|Year : 2015 | Volume
| Issue : 3 | Page : 658
CD20 negative primary diffuse large B cell lymphoma of breast: Role of Pax-5
Saumya Shukla, Namrata Punit Awasthi, Pradyumn Singh, Nuzhat Husain
Department of Pathology, Dr. Ram Manohar Lohia Institute of Medical Sciences, Lucknow, Uttar Pradesh, India
|Date of Web Publication||9-Oct-2015|
Department of Pathology, Dr. Ram Manohar Lohia Institute of Medical Sciences, Lucknow - 226 010, Uttar Pradesh
Source of Support: None, Conflict of Interest: None
Pax-5 is a B cell marker, the expression of which is detectable in as early as the pro B stage, and subsequently, in all further stages of B cell development except the plasma cells. Malignant lymphomas of breast are uncommon and occur as either primary or secondary lesions. Primary lymphoma is a rare disorder of breast and constitutes less than 0.6% of all breast malignancies and 2.2% of extranodal lymphomas. We report an unusual case of CD20 negative Pax-5 positive primary diffuse large B cell lymphoma (DLBCL) of breast. The case highlights the diagnostic challenge posed by extranodal CD20 negative DLBCL. Pax-5 immunohistochemistry has diagnostic benefit as a B-cell marker in the work-up of undifferentiated malignant neoplasms. Although it is available for nearly a decade now, it is not widely used. Pax-5 is a valuable addition to the armamentarium of markers currently available for lymphoma subtyping.
Keywords: Breast, pax-5, primary lymphoma
|How to cite this article:|
Shukla S, Awasthi NP, Singh P, Husain N. CD20 negative primary diffuse large B cell lymphoma of breast: Role of Pax-5. J Can Res Ther 2015;11:658
| > Introduction|| |
Pax-5, is a relatively new marker for B-lymphoid cells that encodes for B-cell specific activator protein (BSAP). It is a nuclear protein in the paired box containing (Pax) family of transcription factors involved in organ development and tissue differentiation. In diffuse large B cell lymphoma (DLBCL), expression of Pax-5 parallels that of CD20, which is considered to be a pan-B cell marker and is lost in terminally differentiated tumors. , We report an unusual case of CD20 negative Pax-5 positive primary DLBCL of breast. The case highlights the diagnostic challenge posed by extranodal CD20 negative DLBCL.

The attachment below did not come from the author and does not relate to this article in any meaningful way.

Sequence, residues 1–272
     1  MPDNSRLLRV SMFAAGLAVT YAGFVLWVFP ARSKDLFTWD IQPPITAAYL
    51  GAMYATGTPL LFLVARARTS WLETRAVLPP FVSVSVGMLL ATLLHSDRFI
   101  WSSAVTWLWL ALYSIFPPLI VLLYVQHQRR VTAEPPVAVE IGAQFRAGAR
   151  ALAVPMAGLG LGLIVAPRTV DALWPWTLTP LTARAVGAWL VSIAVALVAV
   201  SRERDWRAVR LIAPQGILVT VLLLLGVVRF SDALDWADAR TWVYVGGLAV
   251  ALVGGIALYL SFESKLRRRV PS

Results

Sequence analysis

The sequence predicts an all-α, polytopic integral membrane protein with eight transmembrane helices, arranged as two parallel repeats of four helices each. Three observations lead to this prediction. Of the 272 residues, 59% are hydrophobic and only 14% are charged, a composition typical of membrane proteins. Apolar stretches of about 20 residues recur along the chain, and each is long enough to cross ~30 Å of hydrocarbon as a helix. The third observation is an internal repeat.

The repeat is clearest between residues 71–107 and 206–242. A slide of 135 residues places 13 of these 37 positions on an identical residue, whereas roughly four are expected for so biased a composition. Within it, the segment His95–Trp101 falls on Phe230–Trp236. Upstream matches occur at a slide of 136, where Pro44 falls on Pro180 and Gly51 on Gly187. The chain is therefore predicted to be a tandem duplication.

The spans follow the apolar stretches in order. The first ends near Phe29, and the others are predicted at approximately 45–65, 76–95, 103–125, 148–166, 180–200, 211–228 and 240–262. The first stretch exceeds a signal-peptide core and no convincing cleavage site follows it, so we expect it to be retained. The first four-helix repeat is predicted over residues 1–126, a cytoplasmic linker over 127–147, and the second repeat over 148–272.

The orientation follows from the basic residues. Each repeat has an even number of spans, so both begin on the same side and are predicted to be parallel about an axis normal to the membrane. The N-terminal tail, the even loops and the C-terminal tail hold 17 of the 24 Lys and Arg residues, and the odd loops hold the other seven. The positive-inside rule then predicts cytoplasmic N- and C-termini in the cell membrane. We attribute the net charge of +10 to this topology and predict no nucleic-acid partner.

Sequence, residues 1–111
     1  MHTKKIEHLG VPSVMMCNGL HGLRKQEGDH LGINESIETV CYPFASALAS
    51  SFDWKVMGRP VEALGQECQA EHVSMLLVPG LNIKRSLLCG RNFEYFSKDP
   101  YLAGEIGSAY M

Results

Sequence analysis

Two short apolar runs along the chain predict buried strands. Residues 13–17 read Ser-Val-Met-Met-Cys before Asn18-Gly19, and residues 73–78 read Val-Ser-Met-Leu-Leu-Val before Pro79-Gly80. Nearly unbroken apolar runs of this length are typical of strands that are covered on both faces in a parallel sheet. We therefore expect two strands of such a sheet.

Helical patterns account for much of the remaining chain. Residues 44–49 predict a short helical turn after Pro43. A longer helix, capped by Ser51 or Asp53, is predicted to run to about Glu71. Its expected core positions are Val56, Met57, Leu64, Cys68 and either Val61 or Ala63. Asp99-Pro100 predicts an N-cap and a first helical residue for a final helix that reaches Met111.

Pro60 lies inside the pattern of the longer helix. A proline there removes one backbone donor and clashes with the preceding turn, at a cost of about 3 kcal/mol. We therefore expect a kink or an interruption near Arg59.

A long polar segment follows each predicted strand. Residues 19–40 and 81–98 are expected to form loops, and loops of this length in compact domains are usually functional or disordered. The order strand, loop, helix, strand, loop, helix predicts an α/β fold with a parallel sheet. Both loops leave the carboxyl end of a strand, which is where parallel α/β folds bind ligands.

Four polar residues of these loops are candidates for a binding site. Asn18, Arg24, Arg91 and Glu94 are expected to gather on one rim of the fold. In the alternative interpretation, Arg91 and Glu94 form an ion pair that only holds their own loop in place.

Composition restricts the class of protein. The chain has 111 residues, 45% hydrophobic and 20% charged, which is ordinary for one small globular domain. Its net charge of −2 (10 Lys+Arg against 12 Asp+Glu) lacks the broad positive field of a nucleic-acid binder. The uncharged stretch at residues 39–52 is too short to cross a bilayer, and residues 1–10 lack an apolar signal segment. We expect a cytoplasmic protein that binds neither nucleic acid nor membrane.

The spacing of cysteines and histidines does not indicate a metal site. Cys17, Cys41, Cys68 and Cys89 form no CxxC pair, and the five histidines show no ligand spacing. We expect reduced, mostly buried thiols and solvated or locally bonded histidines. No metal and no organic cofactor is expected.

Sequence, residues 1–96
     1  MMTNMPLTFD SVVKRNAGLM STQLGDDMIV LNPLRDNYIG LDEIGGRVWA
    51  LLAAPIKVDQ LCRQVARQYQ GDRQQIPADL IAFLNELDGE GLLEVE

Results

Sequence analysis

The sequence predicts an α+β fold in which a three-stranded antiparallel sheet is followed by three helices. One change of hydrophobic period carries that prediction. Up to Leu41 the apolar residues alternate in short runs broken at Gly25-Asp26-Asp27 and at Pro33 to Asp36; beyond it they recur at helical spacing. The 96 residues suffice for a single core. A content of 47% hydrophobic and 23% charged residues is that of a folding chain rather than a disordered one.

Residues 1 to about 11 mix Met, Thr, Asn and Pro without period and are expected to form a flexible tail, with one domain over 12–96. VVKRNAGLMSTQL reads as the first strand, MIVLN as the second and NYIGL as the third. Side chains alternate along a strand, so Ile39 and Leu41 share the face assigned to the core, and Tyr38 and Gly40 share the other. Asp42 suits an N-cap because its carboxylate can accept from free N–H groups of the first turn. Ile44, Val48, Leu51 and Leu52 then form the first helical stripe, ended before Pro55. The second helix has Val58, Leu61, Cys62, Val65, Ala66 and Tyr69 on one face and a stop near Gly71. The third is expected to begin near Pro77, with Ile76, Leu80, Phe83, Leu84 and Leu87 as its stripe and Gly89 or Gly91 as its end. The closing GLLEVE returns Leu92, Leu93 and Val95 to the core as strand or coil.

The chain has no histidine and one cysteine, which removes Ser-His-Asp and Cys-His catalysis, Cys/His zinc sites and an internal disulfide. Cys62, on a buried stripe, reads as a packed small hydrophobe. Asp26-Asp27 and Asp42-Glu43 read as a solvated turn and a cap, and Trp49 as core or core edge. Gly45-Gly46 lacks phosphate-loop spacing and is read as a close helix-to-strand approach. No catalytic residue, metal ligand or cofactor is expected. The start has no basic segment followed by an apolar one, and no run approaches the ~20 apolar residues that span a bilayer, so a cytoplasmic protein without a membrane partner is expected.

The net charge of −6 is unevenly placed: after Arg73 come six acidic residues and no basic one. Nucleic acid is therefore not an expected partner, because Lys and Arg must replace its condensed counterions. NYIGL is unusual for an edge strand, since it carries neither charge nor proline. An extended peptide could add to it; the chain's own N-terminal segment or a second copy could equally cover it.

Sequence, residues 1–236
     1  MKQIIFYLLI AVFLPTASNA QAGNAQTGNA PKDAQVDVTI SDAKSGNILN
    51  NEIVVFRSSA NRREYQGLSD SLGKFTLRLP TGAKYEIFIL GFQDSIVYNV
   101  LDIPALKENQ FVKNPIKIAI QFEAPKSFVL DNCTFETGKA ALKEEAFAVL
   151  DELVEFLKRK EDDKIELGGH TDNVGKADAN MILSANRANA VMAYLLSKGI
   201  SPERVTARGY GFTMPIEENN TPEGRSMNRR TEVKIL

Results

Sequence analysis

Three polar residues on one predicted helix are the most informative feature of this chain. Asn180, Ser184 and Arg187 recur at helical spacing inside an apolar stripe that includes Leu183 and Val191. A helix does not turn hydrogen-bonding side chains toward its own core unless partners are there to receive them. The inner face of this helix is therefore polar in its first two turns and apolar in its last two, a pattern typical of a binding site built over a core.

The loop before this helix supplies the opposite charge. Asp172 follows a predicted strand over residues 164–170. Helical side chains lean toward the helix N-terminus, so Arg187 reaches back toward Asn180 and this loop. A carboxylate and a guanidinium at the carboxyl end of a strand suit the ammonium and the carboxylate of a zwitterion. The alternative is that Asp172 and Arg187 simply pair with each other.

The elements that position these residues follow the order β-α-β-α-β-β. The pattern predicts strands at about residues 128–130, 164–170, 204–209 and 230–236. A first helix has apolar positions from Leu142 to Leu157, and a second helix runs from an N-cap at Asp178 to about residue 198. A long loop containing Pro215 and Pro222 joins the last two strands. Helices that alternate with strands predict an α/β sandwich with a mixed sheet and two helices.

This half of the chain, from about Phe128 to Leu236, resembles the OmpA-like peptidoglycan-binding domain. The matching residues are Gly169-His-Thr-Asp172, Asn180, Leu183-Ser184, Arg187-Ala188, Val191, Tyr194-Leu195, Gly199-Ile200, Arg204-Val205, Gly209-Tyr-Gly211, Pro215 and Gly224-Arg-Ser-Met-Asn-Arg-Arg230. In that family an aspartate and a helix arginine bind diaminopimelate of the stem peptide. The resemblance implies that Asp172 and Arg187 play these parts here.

| > Case report|| |
A 42-year-old woman presented with a breast lump of 6 month's duration. The lump was firm and hard; measured 6 × 5 cm in size. Ancillary investigations did not reveal any organomegaly or lymphadenopathy. A lumpectomy was performed at a peripheral center and reported as infiltrating ductal carcinoma. She was started on adjuvant chemotherapy which included the combination of cyclophosphamide, 5-fluorouracil, and methotrexate. Despite six cycles of chemotherapy, the response was very poor following which the paraffin blocks were sent to our institute for review. The histopathological examination revealed diffuse proliferation of atypical round cells with large areas of necrosis. The mitotic index was high and glandular/tubular differentiation was absent [Figure 1]. A differential diagnosis of carcinoma with small cell morphology, hematolymphoid neoplasm, and sarcoma with small cell morphology was considered. A primary panel of immunohistochemistry was performed, which include cytokeratin, leukocyte common antigen (LCA), synaptophysin, and desmin. The tumor was diffusely positive for LCA. A second line of immunohistochemical staining was performed to further categorize the neoplasm, which included CD20, CD3, CD30, CD15, CD10, ALK1, and Ki-67 proliferation index. The tumor was negative for all these markers and the Ki-67 proliferation index was 60-70%. A third panel of immunohistochemistry was performed, which included CD138 and Pax-5. The tumor cells were positive for Pax-5 and negative for CD138 [Figure 2] and [Figure 3]. Bone marrow examination was normal. Based on the above findings, diagnosis of primary DLBCL of breast was rendered.